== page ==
(a)

Development indicatorsGroups value1 C vs. E value CT vs. ET
ControlVitamin E
CCTEET

Liver
 Weight (g)0.04NS
   valueNSNS
 Somatic index (%)NSNS
   valueNSNS
Heart
 Weight (g)0.0005<0.0001
   valueNSNS
 Somatic index (%)0.020.01
   valueNSNS
Testes
 Weight (g)NSNS
   valueNSNS
 Somatic index (%)NSNS
   valueNSNS

(b)

Two-way ANOVA, value
TrainingVitamin ETraining × vitamin E

Liver
 Weight (g)NS0.03NS
 Somatic index (%)NSNSNS
Heart
 Weight (g)NS<0.0001NS
 Somatic index (%)NS0.0007NS
Testes
 Weight (g)NSNSNS
 Somatic index (%)NSNSNS

C: control group nonsupplemented with α-tocopherol, not trained; CT: control group nonsupplemented with α-tocopherol, trained; E: group supplemented with α-tocopherol, not trained; ET: group supplemented with α-tocopherol, trained; 1Tukey HSD post hoc test, value ≤0.05; NS: not significant.
3.2. The Impact of Training and α-Tocopherol Supplementation on α-Tocopherol Content in Tissues

Table 4 shows α-tocopherol concentrations in selected rat tissues (liver, heart, muscles, and testes). The highest α-tocopherol concentrations (131.1 nM/g) were found in the liver, in the not trained supplemented group (group E); the lowest concentrations (9.39 nM/g) were in the muscles in the control group (group C).

(a)

α-Tocopherol (nM/g)Groups value1 C vs. E value CT vs. ET
ControlVitamin E
CCTEET

Liverabba,b0.009<0.0001
value0.00030.03
Heartabcd<0.0001<0.0001
value0.00020.01
Musclesabbc0.00030.006
value0.00090.01
Testesabcc<0.0001<0.0001
value<0.00010.04

(b)

α-Tocopherol (nM/g)Two-way ANOVA, value
TrainingVitamin ETraining × vitamin E

Liver<0.0001<0.0001NS
Heart<0.0001<0.0001NS
Muscles<0.0001<0.0001NS
TestesNS<0.00010.0001

C: control group nonsupplemented with α-tocopherol, not trained; CT: control group nonsupplemented with α-tocopherol, trained; E: group supplemented with α-tocopherol, not trained; ET: group supplemented with α-tocopherol, trained; 1Tukey HSD post hoc test; a-dthe same letters indicate homogenous groups, value ≤0.05; NS: not significant.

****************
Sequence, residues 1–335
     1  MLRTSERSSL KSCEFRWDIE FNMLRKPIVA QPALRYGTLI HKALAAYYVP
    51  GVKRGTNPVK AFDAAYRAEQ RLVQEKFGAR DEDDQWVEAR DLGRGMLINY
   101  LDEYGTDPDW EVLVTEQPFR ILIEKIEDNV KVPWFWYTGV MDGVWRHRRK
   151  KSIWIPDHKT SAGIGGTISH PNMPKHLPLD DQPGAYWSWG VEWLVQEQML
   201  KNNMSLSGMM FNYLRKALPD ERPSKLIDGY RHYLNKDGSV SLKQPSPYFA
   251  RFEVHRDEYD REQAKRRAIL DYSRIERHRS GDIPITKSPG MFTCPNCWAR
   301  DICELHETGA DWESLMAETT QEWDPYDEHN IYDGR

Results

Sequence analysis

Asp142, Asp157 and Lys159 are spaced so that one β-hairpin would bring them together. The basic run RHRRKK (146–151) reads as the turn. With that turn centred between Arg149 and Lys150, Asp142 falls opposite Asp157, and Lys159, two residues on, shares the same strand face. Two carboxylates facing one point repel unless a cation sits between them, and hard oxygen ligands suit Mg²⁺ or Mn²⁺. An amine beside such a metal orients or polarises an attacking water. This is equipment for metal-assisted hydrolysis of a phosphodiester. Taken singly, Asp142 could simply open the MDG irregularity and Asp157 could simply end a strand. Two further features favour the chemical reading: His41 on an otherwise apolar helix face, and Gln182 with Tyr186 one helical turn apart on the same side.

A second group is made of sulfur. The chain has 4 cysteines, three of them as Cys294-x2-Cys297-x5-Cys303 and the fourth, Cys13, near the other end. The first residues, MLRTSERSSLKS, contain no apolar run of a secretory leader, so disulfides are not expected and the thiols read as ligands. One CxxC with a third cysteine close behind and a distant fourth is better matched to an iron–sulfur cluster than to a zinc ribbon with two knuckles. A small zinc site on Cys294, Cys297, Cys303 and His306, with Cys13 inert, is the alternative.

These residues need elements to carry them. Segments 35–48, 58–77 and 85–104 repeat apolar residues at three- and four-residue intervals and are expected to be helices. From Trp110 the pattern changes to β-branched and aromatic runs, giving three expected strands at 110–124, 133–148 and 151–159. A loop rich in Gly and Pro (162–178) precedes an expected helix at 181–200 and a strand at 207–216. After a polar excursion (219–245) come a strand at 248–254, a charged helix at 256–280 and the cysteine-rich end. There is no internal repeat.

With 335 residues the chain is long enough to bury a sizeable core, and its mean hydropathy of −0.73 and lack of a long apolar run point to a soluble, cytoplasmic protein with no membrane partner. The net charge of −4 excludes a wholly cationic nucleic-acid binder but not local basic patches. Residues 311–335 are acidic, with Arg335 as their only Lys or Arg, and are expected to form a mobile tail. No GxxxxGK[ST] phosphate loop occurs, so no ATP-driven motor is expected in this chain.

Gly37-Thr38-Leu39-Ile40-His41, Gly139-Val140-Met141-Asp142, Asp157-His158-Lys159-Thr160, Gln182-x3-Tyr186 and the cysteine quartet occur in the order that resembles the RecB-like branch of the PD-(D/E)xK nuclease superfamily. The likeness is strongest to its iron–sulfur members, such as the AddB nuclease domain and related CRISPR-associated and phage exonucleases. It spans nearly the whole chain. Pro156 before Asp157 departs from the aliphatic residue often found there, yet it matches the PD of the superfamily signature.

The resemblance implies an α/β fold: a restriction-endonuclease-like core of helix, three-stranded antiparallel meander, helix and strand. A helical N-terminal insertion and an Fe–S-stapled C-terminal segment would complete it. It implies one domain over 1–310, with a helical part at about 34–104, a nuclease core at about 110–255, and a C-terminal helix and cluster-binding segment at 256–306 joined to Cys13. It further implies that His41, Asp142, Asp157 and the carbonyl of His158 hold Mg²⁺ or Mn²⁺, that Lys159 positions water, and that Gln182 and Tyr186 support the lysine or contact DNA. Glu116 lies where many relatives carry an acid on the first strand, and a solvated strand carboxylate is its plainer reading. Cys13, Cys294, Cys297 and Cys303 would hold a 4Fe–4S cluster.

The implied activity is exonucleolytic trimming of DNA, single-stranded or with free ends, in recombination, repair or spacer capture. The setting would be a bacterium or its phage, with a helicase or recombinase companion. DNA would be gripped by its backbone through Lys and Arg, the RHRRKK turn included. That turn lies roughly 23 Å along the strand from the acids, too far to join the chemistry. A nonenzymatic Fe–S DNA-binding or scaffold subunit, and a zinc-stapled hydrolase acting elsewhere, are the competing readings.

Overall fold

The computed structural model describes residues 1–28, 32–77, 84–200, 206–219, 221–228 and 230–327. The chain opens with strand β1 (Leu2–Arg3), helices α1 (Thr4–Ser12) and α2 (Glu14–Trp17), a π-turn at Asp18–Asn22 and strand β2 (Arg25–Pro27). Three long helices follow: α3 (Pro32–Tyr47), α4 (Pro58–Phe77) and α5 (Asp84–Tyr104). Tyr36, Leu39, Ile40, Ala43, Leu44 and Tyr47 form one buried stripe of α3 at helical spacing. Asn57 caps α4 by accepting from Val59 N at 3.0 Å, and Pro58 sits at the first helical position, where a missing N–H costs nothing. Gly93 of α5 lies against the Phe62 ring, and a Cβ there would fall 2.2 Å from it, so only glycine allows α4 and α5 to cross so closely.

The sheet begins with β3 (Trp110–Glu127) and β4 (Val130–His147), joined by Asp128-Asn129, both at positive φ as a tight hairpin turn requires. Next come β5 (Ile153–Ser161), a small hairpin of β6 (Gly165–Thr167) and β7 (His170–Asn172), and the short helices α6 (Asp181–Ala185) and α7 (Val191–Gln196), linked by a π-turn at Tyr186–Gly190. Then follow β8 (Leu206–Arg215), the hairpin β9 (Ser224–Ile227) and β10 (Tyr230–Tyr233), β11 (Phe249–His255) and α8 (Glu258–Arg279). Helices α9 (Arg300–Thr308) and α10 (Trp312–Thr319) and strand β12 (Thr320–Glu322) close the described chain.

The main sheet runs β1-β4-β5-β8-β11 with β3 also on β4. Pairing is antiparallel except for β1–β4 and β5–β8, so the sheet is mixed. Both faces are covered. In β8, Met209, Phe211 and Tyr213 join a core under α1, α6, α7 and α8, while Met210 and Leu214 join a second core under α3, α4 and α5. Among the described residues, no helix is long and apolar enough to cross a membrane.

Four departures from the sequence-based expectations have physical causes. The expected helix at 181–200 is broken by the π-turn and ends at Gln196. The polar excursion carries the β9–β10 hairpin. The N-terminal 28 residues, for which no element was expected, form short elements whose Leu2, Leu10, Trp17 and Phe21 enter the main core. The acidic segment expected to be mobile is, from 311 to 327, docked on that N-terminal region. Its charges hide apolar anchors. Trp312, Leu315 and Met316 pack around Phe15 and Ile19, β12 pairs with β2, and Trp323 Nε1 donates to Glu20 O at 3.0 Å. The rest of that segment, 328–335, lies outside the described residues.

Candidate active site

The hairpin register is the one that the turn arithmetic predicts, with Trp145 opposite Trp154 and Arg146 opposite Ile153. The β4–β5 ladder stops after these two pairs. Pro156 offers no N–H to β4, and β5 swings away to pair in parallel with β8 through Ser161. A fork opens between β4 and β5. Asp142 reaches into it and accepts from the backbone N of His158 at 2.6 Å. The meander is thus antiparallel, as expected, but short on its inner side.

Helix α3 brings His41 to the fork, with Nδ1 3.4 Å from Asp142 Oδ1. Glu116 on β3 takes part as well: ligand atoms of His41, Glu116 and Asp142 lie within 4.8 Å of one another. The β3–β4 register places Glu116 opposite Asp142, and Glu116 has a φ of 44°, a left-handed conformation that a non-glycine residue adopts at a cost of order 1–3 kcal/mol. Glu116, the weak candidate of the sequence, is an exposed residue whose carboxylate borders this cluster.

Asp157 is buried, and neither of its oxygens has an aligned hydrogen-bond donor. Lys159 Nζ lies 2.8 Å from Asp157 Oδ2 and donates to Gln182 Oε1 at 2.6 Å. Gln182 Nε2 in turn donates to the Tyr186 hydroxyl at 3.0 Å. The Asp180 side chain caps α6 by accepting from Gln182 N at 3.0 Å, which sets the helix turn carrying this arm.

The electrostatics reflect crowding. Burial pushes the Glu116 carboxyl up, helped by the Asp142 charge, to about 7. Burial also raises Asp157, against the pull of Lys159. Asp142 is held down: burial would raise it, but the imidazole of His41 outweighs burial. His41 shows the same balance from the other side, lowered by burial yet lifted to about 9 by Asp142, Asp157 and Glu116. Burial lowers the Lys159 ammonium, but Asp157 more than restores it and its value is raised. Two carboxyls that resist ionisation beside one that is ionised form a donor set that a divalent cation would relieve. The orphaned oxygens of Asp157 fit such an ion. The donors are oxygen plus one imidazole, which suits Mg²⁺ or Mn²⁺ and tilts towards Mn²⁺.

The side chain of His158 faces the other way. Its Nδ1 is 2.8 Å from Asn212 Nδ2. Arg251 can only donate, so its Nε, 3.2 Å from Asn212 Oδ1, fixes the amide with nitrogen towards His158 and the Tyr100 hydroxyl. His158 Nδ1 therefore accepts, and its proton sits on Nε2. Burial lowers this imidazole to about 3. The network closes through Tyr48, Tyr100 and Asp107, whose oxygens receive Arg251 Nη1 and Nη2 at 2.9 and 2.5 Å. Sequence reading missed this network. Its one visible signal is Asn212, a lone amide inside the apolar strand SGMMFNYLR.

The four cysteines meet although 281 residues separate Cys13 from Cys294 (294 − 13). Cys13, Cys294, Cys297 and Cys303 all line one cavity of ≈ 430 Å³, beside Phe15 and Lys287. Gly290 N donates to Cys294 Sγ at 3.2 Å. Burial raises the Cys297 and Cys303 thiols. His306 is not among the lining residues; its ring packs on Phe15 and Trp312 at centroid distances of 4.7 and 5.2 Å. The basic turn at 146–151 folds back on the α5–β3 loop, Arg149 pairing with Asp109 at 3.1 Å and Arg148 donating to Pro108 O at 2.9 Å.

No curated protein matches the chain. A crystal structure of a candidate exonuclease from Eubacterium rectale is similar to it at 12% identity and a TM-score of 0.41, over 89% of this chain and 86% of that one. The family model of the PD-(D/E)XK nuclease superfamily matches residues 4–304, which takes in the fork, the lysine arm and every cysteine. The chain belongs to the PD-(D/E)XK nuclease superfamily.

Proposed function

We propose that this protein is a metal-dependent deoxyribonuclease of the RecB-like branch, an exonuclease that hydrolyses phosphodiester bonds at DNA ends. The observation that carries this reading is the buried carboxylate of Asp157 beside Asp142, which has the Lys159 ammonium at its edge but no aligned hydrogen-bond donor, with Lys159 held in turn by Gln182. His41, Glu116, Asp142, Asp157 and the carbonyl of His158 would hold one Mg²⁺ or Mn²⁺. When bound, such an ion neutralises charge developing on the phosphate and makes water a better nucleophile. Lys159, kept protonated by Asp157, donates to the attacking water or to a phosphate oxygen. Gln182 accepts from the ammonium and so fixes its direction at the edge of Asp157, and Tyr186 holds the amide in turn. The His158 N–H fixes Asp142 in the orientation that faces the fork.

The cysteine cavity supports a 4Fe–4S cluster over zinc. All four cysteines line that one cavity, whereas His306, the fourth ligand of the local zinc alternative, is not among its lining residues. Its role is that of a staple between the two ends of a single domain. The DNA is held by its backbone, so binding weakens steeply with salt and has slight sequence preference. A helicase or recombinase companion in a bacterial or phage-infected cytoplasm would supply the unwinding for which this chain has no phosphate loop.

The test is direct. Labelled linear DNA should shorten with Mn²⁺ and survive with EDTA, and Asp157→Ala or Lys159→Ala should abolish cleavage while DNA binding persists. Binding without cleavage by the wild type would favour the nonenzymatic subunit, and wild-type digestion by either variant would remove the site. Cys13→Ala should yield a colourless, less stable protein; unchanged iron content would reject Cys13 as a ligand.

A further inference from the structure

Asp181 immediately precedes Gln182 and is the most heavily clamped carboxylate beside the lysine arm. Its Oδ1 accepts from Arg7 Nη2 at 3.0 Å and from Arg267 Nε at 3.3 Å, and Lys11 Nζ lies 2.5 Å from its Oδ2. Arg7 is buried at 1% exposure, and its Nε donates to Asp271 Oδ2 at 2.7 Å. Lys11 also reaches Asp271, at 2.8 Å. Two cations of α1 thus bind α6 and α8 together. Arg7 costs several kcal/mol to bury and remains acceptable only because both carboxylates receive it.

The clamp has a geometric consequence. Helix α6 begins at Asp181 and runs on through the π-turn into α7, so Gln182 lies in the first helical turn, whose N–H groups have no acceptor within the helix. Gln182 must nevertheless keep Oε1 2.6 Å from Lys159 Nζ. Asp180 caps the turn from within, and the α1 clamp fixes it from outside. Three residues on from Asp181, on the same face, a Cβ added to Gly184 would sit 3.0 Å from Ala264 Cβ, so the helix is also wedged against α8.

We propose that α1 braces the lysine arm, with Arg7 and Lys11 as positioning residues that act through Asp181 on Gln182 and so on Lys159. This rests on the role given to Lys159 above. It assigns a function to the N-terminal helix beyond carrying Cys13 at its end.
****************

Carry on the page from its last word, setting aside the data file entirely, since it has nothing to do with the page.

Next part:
There were statistically significant differences in α-tocopherol concentrations in the liver, heart, muscles, and testes between control groups (C vs. CT) and supplemented groups (E vs. ET) and between trained (CT vs. ET) and untrained groups (C vs. E). A statistically significantly higher α-tocopherol content was observed in all tissues in the CT group compared with the C group, as well as in the heart and muscles in the ET group compared with the E group. Moreover, a statistically significantly higher α-tocopherol content was found in all tissues in group E than in group C, and in group ET than in group CT (Table 4). Training had a significant effect on α-tocopherol concentration in the liver, heart, and muscles. α-Tocopherol supplementation had a significant effect on its concentration in all tissues. The results showed a significant impact both on training and α-tocopherol supplementation on α-tocopherol concentration in the testes (Table 4).

3.3. The Impact of Training and α-Tocopherol Supplementation on TBARS Concentrations in Tissues

Table 5 shows TBARS concentrations in selected rat tissues (liver, heart, muscles, and testes). There were statistically significant differences in TBARS concentrations in muscles and in testes between the control groups (C vs. CT). A statistically significantly higher TBARS concentration was observed in the heart in group CT compared with group ET (Table 5). Training had a significant effect on TBARS concentration in all tissues. α-Tocopherol supplementation had a significant effect on the TBARS concentration in the heart and muscles. The results showed a significant impact on both training and α-tocopherol supplementation on the TBARS concentration in the muscles and testes (Table 5).

(a)

TBARS (nM/g)Groups value1 C vs. E value CT vs. ET
ControlVitamin E
CCTEET

LiveraaaaNSNS
valueNSNS
Heartaa,baaNS0.0032
valueNSNS
MusclesabaaNS<0.0001
value0.0002NS
Testesaba,ba,bNSNS
value0.0039NS

(b)

TBARS (nM/g)Two-way ANOVA, values
TrainingVitamin ETraining × vitamin E

Liver0.0158NSNS
Heart0.0047<0.0001NS
Muscles0.0004<0.0001<0.0001
Testes0.0083NS0.0145

C: control group nonsupplemented with α-tocopherol, not trained; CT: control group nonsupplemented with α-tocopherol, trained; E: group supplemented with α-tocopherol, not trained; ET: group supplemented with α-tocopherol, trained; 1Tukey HSD post hoc test; a,bthe same letters indicate homogenous groups, value ≤0.05; NS: not significant.
3.4. Effects of α-Tocopherol Content on the TBARS Concentration in Tissues in Trained and Untrained Groups

No statistically significant correlation between α-tocopherol content and TBARS in the liver was observed (Figure 2). In the heart, a higher α-tocopherol content reduced the TBARS concentration in both trained and untrained groups (Figure 2). In trained groups, the α-tocopherol content in the muscles and testes was negatively associated with TBARS concentration (Figure 2).